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Crew Health: Addressing Seafarer Obesity

June 6, 2017

© Riccardo Arata / Adobe Stock

© Riccardo Arata / Adobe Stock

Sophia Bullard, Crew Health Program Director at UK P&I Club, comments on the fact many crewmembers fail pre-sea medical examinations due to a combination of serious illnesses linked to obesity. 

It could be argued that obesity alone is a precursor to other more serious conditions if nothing is done to reduce body mass index (BMI) and improve lifestyle. A BMI of 25 or above can signify a serious weight problem. Poor eating habits and an increasingly sedentary lifestyle can also contribute to the development of many lifestyle diseases.
An accurate clinical assessment is always required for crew members with raised BMI. If being overweight interferes with the person’s role on-board or they are unable to perform part of their job (including safety responsibilities), they may be found temporarily unfit, which means they are unable to go to sea. At the time of a temporary unfit decision based on BMI or obesity, the medical examiner will usually provide advice on weight reduction and weight loss targets can be set to encourage improvement and reduction of BMI.
Carrying excess weight not only causes a strain on the system but can also lead to other serious illness, e.g. hypertension, type 2 diabetes, coronary heart disease and even some musculoskeletal conditions. It is within these illness groups that the UK P&I Club has seen the largest growth in crew medical failures.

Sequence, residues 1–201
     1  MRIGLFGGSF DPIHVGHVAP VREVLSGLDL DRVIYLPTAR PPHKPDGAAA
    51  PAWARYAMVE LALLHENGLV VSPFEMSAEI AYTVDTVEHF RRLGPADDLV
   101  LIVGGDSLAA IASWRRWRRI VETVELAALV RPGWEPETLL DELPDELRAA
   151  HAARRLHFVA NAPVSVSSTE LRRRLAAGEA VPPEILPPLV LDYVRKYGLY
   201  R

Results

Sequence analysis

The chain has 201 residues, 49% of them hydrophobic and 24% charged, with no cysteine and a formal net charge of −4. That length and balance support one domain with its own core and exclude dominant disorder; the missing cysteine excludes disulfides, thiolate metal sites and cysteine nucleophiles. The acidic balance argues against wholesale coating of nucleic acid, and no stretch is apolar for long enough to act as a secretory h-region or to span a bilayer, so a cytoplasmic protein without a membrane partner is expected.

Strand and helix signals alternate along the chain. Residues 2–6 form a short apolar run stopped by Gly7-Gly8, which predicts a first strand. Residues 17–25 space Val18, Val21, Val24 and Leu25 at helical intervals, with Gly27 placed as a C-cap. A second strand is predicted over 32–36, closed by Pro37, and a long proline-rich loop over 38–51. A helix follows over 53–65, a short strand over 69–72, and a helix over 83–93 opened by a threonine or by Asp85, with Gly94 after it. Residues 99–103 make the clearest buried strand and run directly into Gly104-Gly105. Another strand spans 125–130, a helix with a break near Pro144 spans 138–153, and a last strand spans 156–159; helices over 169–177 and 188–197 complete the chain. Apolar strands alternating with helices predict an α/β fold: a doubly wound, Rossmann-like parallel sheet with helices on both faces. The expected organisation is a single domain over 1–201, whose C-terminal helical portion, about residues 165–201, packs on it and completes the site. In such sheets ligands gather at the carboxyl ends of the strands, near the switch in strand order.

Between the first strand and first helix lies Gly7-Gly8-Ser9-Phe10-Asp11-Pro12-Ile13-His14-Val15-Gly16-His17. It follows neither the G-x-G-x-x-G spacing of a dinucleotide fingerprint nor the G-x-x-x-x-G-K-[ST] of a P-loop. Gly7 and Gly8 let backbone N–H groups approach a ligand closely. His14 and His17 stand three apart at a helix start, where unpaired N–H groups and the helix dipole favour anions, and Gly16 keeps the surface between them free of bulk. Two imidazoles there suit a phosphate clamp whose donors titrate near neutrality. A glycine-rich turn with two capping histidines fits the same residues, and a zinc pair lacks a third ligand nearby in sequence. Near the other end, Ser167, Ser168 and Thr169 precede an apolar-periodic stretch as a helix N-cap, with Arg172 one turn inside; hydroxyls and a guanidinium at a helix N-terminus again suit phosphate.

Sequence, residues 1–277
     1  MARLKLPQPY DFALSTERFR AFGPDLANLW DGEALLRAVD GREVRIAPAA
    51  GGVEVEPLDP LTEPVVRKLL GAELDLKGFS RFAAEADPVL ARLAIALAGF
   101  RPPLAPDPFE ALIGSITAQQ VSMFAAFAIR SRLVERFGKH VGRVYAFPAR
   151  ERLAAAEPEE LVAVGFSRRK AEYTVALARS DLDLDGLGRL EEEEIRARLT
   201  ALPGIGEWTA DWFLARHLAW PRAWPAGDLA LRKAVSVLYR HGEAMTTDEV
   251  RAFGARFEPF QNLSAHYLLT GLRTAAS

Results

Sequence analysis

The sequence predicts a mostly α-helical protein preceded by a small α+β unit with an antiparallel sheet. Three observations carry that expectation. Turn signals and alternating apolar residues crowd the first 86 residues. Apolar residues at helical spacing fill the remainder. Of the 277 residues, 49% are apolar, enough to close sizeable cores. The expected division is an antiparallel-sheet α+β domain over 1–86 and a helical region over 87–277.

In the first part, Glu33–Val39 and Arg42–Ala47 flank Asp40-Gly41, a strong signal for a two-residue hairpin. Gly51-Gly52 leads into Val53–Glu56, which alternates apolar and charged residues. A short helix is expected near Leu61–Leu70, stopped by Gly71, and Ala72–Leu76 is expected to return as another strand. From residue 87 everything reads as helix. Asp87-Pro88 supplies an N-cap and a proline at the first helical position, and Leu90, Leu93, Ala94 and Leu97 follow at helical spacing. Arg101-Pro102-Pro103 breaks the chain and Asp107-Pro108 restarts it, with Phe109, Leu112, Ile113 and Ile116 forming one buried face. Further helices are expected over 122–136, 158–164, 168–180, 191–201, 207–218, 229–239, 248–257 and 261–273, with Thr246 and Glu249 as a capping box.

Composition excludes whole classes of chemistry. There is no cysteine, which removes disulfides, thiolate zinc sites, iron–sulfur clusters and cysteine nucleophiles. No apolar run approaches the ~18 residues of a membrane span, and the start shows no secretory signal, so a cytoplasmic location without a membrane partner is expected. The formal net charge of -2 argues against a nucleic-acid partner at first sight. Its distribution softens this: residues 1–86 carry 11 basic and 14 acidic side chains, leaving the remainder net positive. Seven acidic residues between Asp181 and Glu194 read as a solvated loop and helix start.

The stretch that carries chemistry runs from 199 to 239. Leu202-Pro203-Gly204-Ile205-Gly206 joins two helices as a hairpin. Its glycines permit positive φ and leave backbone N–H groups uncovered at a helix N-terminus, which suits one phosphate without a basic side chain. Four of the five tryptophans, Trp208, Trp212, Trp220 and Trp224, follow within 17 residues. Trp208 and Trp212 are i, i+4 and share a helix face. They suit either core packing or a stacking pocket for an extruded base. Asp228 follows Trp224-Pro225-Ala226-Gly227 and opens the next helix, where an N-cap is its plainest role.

Ship owners, and employers themselves, can also assist the crew to prevent obesity on-board by ensuring seafarers are provided with a healthy diet such as that recommended by The World Health organization: 
  • Fruit – Eating a recommended 5-10 portions of fruit and vegetables per day.
  • Fat – A reduction in fat intake is encouraged. This can be achieved by changing cooking methods, i.e. swap frying for baking or steaming.
  • Salt – A lowering of salt levels can be achieved by not adding salt during food preparation, limiting the amount of salty, savory snacks and not putting salt on the table at mealtimes.
  • Sugar – Sugar intake can be reduced by 10 percent by avoiding sugar sweetened drinks, snacks and sweets. Swap processed sugar for natural fruit sugars by eating fruit and raw vegetables.
Exercise plays an important part in achieving and maintaining fitness. Even a small amount of physical activity such as 30 minutes per day on an exercise bike can have positive results. Crew members, given time, free space, and encouragement to exercise, will see the benefit of weight loss, but also a reduction in stress levels, improved sleep and a boost to their self-esteem.
Small steps, such as the above, help crew members to achieve and preserve good health, and employers to maintain a fit, healthy and happy crew. This helps to reduce the likelihood of poor health, leading to a shortened seagoing career or medical emergency at sea.
food preparationU.K. P&I ClubWorld Health Organization

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